Learn More - "The Impact of E-commerce on the Pet Sales Landscape"

Aligning sales to the field force with accurate sales crediting

An efficient sales crediting system will ensure timely delivery of performance results for IC processing and annual awards ranking calculations (which often result in leadership’s recognition and prestigious awards to the company’s top sales professionals). Accurately tracking a sales rep’s performance is the foundation for attributing value to their contributions. It increases confidence in the IC methodology, reduces the number of queries from sales reps, and motivates the field to perform better. It will assure them that their hard work – increasing awareness among veterinarians, bringing the right drug to the patient, and boosting the company’s sales – is correctly captured and credited. 

But how do you ensure accurate sales crediting? It has become necessary for animal health companies to identify and eliminate IC bottlenecks by leveraging high velocity, digitized, and platform-driven operations. Further, companies need to adopt innovative data handling approaches. There are several ways to estimate sales (e.g., based on the ZIP codes and the area of influence of a sales rep) using decision science tools. Animal health companies must achieve fair and rule-based alignment of territory/rep level data for their products. Using a standard tool allows for consistent performance simulations. And a standard business rules management system (BRMS) ensures the reduction of modeling costs and time to perform for sales operations teams. Standardized tools also enable companies to reduce plan complexity across global regions and have a downstream effect of reduced error rates and IC disputes.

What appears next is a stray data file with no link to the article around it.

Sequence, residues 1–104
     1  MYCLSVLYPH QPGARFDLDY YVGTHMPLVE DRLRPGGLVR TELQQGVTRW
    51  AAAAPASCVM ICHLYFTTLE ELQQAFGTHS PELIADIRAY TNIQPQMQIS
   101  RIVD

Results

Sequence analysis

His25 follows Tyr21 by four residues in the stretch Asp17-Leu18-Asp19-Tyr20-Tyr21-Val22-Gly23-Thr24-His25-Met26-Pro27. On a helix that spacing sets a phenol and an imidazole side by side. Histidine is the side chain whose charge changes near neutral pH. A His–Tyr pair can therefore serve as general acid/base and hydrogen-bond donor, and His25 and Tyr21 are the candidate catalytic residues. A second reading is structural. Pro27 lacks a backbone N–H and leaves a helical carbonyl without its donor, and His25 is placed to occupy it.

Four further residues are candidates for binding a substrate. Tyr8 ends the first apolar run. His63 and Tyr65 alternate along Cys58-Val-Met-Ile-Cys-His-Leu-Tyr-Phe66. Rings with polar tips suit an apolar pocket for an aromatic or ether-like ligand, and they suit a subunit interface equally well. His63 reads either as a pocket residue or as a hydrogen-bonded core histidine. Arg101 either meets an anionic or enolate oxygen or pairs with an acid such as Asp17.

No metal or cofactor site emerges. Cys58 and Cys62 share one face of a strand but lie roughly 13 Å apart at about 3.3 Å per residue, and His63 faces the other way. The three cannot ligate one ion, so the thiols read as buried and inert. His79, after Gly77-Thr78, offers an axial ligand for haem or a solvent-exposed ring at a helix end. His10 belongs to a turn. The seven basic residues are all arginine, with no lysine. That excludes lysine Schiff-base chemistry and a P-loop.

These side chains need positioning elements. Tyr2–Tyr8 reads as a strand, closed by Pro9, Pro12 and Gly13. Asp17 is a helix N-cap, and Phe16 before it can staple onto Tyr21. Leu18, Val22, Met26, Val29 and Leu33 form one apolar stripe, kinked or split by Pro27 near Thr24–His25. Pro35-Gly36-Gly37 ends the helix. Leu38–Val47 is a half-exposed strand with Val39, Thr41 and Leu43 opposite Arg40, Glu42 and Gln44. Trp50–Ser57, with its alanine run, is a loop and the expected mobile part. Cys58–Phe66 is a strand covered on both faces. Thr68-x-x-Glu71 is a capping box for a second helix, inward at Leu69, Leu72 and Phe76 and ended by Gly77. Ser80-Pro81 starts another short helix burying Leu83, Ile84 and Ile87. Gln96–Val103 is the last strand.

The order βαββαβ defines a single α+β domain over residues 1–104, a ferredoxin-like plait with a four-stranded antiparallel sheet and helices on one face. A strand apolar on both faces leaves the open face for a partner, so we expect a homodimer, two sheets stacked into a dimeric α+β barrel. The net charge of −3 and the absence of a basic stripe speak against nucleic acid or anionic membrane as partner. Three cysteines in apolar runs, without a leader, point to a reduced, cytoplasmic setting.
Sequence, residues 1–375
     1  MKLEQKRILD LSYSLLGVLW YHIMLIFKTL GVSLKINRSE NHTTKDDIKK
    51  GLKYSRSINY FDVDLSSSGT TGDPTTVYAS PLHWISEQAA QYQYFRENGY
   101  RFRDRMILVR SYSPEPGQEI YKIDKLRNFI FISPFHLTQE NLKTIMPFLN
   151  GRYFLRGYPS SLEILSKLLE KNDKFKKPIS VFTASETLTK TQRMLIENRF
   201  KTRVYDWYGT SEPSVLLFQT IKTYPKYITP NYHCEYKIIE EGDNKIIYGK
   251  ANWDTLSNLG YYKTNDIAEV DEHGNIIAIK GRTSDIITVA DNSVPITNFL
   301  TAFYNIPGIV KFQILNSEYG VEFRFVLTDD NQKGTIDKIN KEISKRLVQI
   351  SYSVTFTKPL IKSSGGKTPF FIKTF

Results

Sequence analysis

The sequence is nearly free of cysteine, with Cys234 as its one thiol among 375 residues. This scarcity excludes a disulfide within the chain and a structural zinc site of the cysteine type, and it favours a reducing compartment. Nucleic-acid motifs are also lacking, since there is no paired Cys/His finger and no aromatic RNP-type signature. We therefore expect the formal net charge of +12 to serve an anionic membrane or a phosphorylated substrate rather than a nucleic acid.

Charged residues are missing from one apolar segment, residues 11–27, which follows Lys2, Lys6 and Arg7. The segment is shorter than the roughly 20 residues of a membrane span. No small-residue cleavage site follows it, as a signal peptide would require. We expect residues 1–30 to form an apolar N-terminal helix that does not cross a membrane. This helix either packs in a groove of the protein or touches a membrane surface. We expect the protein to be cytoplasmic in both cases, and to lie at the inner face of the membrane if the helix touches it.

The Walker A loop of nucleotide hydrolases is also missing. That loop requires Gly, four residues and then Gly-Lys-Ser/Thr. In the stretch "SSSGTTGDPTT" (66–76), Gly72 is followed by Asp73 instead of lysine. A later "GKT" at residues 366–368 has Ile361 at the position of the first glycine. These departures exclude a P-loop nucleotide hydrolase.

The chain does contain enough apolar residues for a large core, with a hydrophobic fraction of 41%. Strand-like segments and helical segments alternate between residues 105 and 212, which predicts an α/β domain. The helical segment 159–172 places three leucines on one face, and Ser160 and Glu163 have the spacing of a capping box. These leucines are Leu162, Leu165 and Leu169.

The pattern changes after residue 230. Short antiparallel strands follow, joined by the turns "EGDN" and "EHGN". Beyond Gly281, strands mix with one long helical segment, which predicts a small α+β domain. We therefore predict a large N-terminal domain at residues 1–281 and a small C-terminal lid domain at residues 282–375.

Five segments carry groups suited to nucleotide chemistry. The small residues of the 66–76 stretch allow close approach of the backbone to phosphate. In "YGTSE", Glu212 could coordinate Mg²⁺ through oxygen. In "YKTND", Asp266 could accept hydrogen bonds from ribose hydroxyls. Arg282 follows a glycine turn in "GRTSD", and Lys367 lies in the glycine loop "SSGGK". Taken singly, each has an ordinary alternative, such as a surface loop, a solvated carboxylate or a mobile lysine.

Conclusion

In the growing animal health market, it is imperative for animal health companies to ensure that their field forces remain motivated to drive the desired sales behavior and outcomes. Throughout this article, we have discussed some of the intricacies involved in the sales crediting process. To keep the sales force motivated, credit must be given where it is due. A standard IC practice not only improves sales operations but also brings about behavioral changes, thus increasing representative motivation, retention, and sales. While investing in an alignment ecosystem, organizations need to ensure that effective controls can be placed on the flow of information into IC and reporting systems.